If he took spoils of all five kings and their kingdoms, a tenth of all of that would have been an awful lot for one priest to handle. Maybe he only gave him a tenth of the top of the heap. But the point is, it was a one-time thing, and there’s no record that he ever did it this way again. All right, free, voluntary, motivated only by gratitude in his heart, not required. Go to Genesis 28, and let’s fine the use of the word tithe in the book of Genesis, and that has to do with Jacob. 22, verse 22, of Chapter 28. And Jacob just says, at the end of verse 22, “I will surely give the tenth unto Thee.”
Now, at this point, Jacob is making a vow. Verse 20, vow to vow, “If God will be with me, and keep me in this way that I go, and give me bread to eat, and raiment to put on, so that I come again to my father’s house in peace; then shall the Lord be my God.” In other words, “God, if You do this, I will, you know, bow down to You.” That’s really bad. Jacob was at a low ebb spiritually. He was so shallow, it was really sad. What he was doing was buying off God. “All right, God, if You’ll give me safe journey, and bread, and clothes, then I will let You be my God.”
Isn’t that real nice? “In fact, God, I’m just going to build You a nice pillar right here, and I’ll just give You a tenth of everything I have.” Now, when you get to the place where you’re buying God, you’re at a low ebb spiritually, right? Don’t take this as a norm of spirituality. This guy gave a tenth, he was trying to buy God. There’s no command that he give it. It was completely arbitrary, completely voluntary, with no obligation at all to tithe. Now notice, I followed from Cain and Abel right through to the gift of Jacob, and in all cases, they were free, voluntary gifts.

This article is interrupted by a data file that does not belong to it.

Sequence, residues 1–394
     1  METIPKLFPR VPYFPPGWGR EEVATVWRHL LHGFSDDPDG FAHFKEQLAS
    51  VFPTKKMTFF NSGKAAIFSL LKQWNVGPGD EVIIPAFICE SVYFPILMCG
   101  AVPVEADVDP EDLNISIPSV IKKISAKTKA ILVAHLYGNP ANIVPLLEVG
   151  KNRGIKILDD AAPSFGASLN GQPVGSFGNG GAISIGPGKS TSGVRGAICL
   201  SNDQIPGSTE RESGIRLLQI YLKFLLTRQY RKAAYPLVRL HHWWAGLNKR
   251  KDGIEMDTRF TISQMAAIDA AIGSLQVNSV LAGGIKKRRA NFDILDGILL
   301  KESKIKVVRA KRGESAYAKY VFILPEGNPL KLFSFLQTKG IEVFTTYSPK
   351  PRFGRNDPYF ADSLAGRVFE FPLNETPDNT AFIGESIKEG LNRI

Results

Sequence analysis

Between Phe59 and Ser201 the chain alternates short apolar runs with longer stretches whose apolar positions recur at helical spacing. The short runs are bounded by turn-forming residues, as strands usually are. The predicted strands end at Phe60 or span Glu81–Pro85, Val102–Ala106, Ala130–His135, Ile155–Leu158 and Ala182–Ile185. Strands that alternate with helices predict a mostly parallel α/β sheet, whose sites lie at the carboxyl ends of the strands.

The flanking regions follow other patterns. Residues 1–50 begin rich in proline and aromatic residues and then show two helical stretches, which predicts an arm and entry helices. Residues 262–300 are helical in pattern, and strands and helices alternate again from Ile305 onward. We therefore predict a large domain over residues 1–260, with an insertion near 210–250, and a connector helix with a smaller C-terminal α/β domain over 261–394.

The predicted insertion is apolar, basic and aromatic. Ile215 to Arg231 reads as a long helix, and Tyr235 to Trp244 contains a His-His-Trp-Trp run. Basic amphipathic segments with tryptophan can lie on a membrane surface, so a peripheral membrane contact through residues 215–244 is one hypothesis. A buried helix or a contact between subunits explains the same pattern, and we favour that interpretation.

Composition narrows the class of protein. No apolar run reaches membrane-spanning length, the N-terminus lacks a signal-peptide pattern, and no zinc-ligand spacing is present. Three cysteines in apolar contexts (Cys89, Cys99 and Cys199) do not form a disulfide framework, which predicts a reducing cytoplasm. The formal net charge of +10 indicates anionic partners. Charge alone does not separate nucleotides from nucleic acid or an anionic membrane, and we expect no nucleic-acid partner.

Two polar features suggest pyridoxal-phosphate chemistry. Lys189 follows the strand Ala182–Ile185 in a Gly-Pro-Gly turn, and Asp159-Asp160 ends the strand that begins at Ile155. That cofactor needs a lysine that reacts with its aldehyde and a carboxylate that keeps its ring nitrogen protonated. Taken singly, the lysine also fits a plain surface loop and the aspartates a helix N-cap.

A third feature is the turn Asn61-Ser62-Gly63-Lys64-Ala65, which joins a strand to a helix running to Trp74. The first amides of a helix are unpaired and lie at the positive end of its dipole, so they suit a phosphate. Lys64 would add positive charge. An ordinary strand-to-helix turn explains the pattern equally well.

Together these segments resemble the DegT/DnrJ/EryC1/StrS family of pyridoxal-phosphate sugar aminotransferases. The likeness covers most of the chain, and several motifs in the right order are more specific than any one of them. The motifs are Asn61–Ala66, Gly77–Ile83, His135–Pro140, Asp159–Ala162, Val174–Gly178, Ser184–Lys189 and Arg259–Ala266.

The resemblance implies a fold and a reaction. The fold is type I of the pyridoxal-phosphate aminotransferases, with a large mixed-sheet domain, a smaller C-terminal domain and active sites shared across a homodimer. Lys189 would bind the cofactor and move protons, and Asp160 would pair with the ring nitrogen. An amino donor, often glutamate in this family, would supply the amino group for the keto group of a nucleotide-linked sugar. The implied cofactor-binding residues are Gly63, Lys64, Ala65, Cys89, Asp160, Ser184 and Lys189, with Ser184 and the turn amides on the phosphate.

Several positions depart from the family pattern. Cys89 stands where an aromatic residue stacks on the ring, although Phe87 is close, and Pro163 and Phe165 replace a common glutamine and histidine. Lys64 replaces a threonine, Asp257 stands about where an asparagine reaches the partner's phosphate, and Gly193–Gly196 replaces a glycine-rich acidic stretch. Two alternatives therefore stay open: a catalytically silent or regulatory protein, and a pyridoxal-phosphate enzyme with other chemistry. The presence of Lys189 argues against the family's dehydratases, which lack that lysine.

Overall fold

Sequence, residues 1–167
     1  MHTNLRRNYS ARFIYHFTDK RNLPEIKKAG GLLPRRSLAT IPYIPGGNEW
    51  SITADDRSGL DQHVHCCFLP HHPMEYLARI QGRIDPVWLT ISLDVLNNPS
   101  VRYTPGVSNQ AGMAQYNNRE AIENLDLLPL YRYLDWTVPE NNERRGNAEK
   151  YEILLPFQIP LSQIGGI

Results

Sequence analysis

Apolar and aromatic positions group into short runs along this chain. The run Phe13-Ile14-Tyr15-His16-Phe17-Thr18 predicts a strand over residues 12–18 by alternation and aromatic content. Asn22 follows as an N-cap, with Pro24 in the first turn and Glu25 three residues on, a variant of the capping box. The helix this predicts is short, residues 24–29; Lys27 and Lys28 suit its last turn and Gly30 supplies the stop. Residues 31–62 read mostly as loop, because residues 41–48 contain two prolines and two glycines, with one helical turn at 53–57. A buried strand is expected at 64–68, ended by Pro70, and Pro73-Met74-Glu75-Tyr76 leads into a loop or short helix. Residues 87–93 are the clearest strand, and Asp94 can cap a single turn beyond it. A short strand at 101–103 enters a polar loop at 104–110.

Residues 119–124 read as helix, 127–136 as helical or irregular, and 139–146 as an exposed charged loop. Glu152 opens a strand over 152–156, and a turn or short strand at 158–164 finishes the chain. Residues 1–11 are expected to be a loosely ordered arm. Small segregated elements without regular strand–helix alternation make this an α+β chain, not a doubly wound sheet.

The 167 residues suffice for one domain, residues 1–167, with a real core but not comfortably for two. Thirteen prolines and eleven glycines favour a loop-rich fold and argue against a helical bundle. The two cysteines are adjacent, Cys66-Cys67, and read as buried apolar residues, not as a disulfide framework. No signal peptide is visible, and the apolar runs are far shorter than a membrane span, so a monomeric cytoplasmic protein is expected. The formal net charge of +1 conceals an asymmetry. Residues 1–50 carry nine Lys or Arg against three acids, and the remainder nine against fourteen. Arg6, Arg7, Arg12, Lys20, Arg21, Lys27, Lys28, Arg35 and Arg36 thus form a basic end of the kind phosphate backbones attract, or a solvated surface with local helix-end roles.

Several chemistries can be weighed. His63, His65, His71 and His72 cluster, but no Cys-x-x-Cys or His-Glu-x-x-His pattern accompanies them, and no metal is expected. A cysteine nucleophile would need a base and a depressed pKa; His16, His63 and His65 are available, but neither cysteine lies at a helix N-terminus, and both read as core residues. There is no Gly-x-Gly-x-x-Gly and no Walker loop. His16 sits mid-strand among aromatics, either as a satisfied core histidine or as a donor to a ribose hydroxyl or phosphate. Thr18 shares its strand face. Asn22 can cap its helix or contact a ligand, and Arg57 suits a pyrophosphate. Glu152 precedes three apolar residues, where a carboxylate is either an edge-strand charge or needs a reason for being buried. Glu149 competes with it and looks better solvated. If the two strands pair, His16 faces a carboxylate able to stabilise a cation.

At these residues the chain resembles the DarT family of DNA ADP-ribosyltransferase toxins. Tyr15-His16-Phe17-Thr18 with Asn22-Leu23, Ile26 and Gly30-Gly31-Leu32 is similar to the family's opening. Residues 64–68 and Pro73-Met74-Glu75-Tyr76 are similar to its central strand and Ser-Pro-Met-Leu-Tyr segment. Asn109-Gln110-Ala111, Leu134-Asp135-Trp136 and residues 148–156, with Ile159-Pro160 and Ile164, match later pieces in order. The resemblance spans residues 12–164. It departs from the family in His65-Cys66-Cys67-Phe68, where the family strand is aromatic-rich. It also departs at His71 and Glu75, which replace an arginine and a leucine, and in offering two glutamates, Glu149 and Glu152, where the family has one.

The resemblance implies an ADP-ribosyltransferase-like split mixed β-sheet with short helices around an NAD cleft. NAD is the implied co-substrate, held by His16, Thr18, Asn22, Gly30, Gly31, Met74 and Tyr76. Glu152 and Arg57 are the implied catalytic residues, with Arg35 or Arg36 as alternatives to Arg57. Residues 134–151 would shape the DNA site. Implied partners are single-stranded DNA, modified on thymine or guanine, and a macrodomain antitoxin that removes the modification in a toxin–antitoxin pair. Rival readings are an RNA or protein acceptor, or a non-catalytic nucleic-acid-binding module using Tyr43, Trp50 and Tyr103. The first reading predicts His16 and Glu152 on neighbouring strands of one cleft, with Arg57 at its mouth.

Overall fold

The idea that it was a tenth was arbitrary. Out of all of the offerings throughout the book of Genesis, twice it happened to be that they gave a tenth. Which, in their eyes, and in the eyes of ancient people, simply represented the total, and the sense that it was a symbol of giving all, nothing more. All right now, let me take you a step further. What about required giving? “You said that before the Mosaic law there was required giving.” You’re right, there was, and I did say that, and I want to show you where the required giving came. And if you’ll turn to Genesis 41, I’ll show it to you.
There was required giving of money, or of possessions. In fact, most of the time in Genesis, they don’t give money at all, because their exchange was not money, but it was animals, or seed, or land. But in Genesis 41, you remember that Joseph was sold into slavery in Egypt by his brothers, and he got there, and he was in jail because of what he had been accused of in Potiphar’s house. And when the Pharaoh had a dream that he couldn’t handle, they got a hold of Joseph, and he came and told the dream, remember? And he said there would be seven years of fruitful crops, and seven years of what? Of famine.
So Joseph said, “You better get ready for the famine,” and here’s how Joseph suggested they get ready - and this was God’s plan, verse 34. “Let Pharaoh do this, and let him appoint officers over the land, and take up the fifth part of the land of Egypt in the seventh plenteous years.” For seven years, tax the people at what rate? What’s a fifth? 20 percent. Here is the introduction of taxation in the economy of Egypt. This is introduced by God. This is the first time you find the taxation of a national entity expressed this way. And you’ll noticed that we haven’t progressed much farther from that.
That the norm that they asked for then is still the basic norm of taxation in America, 20 percent, except for some of you unfortunates who may be in other brackets. But basically, the 20 percent taxation was the basic taxation rate in Egypt. This was God’s plan as it was expressed through Joseph. And when they collected the 20 percent through the fat years, that would supply them the needed foods for the lean years. So a taxation was instituted at that point, and 20 percent was the figure. In Genesis 47, let me show you something else, in verse 24.